New Study Says Owning a Dog May Improve Heart Health

According to a new study published in Mayo Clinic Proceedings: Innovations, Quality & Outcomes, having dogs by our side may make our hearts as healthy as they make them full.

Those of us with dogs running around our lives and homes know the benefits of pet ownership. The unconditional love, trust and loyalty shown to us by our canine companions, coupled with their displays of unbridled enthusiasm on our return home each day (and sometimes just from another room), are hard to put into words. Even if we have to suffer some chewed up furniture, shoes, pillows and remote controls (don't ask) to get there.

But as we go through life with our four-legged family members, there's another benefit of having them by our side that was (good) news to us: They may make our hearts as healthy as they make them full. According to a new study published in Mayo Clinic Proceedings: Innovations, Quality & Outcomes (and covered by The New York Times and a plethora of other media outlets), "owning a dog may be good for your cardiovascular health."

How so? Well, in addition to the joy of having them around, dogs force us to get up and move. "Dog owners were more likely to report sufficient physical activity, a better diet and good glucose levels" than the rest of the study’s “randomly selected group of 1,769 residents of Brno, in the Czech Republic," The New York Times reports.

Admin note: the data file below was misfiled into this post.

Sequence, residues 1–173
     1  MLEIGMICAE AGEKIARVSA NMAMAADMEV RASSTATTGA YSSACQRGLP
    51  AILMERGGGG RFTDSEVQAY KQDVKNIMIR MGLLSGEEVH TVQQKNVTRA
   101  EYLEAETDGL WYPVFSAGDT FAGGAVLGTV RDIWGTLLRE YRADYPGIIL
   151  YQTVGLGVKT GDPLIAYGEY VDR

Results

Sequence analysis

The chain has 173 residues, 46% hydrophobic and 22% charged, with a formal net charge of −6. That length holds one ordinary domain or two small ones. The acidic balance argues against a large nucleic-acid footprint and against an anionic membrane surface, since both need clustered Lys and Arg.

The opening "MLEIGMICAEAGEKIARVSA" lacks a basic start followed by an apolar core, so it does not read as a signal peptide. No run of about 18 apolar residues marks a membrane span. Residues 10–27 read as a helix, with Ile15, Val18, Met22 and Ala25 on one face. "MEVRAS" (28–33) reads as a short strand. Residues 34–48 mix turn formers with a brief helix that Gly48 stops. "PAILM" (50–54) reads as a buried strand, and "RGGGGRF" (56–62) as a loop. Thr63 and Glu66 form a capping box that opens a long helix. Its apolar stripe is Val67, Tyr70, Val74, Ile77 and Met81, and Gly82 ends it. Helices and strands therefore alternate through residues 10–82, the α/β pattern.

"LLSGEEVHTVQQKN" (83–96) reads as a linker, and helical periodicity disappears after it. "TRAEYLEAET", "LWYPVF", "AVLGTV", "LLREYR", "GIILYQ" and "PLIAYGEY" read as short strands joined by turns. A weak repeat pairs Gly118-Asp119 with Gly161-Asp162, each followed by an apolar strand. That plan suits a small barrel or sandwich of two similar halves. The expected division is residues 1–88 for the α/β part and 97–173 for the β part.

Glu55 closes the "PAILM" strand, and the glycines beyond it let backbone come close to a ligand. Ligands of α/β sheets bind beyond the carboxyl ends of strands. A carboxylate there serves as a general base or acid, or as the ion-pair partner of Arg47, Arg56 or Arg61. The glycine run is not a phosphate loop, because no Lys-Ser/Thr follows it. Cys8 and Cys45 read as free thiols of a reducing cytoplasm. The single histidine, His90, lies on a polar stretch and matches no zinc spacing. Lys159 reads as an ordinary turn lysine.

Mayo Clinic cardiologist Francisco Lopez-Jimenez, M.D., the study's senior author, tells ABC News it should come as little surprise that dog ownership and heart health go hand-in-hand. "It's very difficult not to increase the level of activity after you get a pet, in particular, a dog … they move around. They force us to be active," Dr. Lopez-Jimenez says. "Dog-ownership increases the well-being of an individual. It helps improve people's physical activity, mood, social life and diet."

All benefits that Dr. Lopez-Jimenez knows firsthand. "I have a German shorthair retriever named Choco," he tells our Mayo Clinic News Network friends. "He will be nagging me until we go out — maybe for a short walk, maybe throwing him balls. But what I realize is that anything that I do with my dog will imply physical activity."

That's not all. "Studies have shown owning a dog actually increases social life. People are more likely to talk to others who have dogs," Dr. Lopez-Jimenez tells ABC News. "This study builds on other evidence that shows dog-owners are less likely to be depressed ... The heart findings just add that owning a dog may bring a lot of wellness. Most dog owners will say, 'Wow, I knew there was something.' Some won't be surprised."

You can draw your own conclusions by reading more about the study here, here, here, here, here and here. Then go ahead and throw us a bone by sharing your comments below before using the social media tools atop this page to share this story with all your canine-loving friends.